• 4
    @Nobilis Speaking about xenophobia sounds like a bad joke. The sender is Latin-American and the recipient is Spanish and it happens in Germany. So who is more "xeno" there? If I received such an email, I'd laugh and laugh. Most probably the recipient is a young sporty diligent woman and the author believed that writing "old age, physical inactivity and ... indolence" was so obviously wrong that just a moron could take it seriously. – maaartinus Apr 26 '15 at 20:55
24

I agree with several commentators here that this might in fact just be someone trying to be funny. When in doubt I tend towards believing a misunderstanding before thinking someone is truly being vile.

Your friend should have answered the phone - the actual intent of the email would have been revealed during that call. At this point I'd say the friend should contact the sender and determine if it was in fact a joke OR if it was truly meant as malicious. If the latter, have her report it to her manager. If the former, then I suggest she calm down.

There is so much lost in written communication and even more is lost when translated. Personally, I would likely not send an email like that UNLESS I was familiar enough with the receiver that they wouldn't misconstrue it. Not everyone is like that though.

  • 2
    I want to believe that it was someone trying to be funny. It is so over-the-top that it's hard to understand what else it could be. THAT SAID, it was still unacceptable and needs to be reported. You don't make jokes like this in the workplace, especially to workers under your command structure. It was/is threatening regardless of the intent. – Kurt Tappe Apr 22 '15 at 16:48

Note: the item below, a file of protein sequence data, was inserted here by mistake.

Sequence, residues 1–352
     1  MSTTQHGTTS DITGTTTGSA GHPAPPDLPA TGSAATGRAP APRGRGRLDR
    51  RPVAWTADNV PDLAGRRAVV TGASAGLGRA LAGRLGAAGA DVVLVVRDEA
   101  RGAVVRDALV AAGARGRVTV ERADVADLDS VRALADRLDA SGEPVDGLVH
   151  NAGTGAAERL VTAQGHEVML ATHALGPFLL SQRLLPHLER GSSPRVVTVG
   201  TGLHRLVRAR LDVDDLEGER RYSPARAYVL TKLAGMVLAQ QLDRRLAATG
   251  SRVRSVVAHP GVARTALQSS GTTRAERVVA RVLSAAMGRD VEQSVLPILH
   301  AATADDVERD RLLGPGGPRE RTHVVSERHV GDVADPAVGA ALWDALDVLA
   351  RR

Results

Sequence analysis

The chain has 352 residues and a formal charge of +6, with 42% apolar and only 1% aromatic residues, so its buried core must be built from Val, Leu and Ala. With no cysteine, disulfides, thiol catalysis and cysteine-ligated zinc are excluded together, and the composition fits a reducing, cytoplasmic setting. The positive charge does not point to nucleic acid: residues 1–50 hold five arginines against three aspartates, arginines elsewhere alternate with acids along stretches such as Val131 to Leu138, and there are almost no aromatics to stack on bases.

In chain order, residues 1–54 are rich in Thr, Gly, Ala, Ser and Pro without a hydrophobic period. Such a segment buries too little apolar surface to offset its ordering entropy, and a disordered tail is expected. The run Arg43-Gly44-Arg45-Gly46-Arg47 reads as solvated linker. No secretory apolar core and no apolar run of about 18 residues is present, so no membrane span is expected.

• 2
    Three things convince me this isn't intended a joke: 1) the line "as soon as my numerous work activities allow me" which is impossible to read as anything but a self-important person genuinely implying they think they work harder, 2) the sheer length of it and variety of abuse (e.g. "old age" and the implication they're faking illness), 3) the fact it was sent to someone who was ill, at home, resting It's not a joke, it's a rant. I've been on the receiving end of similar (minus the racism) in contract disputes that went sour, I know the tone. They really do get this OTT and undiginified. – user568458 Apr 22 '15 at 17:23
  • 13
    @user568458: is the friend actually old? Does the friend have a "can do" history or are they more marginal? I've joked about some of my employees being lazy - knowing FULL WELL that they'd work 100 hours in a week if that's what was required. In fact, that's why I've made jokes like that, because everyone knows it is completely untrue. The fact is that we know nothing about this employee, nor their relationship with the sender. The only way for the friend to know how this should have been taken is for them to call the sender. – NotMe Apr 22 '15 at 17:44
  • 6
    The, "As soon as my numerous work activities allow me", reads to me as someone teasing their sick colleague. "Oh, YOU get a vacation while I am swamped. I see how it is!" Hell, my coworker and I say things like this to my boss when he goes out to off-site meetings. – David Brandtz Apr 23 '15 at 11:24
  • 1
    @Basic And so do I, but given how terrible it all sounds, I'm pretty sure, every single sentence was ironic. See the above comment by NotMe. – maaartinus Apr 26 '15 at 21:01
5

I must admit to feeling slightly nauseated and shocked by the content of the quoted email. While I am unaware of the labour laws and employee rights in your country, in Spain that email would look decidedly abusive.

The action I would take, would depend on how far I would be willing to take it, as once you go down certain roads, its very difficult to backtrack.